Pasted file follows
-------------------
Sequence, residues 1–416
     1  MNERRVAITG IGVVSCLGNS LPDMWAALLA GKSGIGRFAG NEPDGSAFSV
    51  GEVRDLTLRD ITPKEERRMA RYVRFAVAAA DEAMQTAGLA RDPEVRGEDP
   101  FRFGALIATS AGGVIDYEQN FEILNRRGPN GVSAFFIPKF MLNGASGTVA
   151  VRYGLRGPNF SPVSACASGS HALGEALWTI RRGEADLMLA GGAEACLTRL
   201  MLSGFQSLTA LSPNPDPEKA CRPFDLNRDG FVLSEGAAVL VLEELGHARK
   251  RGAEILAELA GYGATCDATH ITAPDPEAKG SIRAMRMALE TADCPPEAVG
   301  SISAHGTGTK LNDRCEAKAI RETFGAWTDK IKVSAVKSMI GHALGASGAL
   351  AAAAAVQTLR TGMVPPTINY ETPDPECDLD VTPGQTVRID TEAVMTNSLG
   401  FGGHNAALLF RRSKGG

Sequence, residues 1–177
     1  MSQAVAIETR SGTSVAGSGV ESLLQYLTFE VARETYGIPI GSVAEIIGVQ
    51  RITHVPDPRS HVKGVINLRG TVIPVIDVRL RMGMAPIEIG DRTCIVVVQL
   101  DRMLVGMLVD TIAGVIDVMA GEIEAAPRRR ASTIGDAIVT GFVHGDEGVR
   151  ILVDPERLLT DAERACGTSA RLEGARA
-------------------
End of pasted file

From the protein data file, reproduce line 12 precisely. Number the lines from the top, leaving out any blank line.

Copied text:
     1  MSQAVAIETR SGTSVAGSGV ESLLQYLTFE VARETYGIPI GSVAEIIGVQ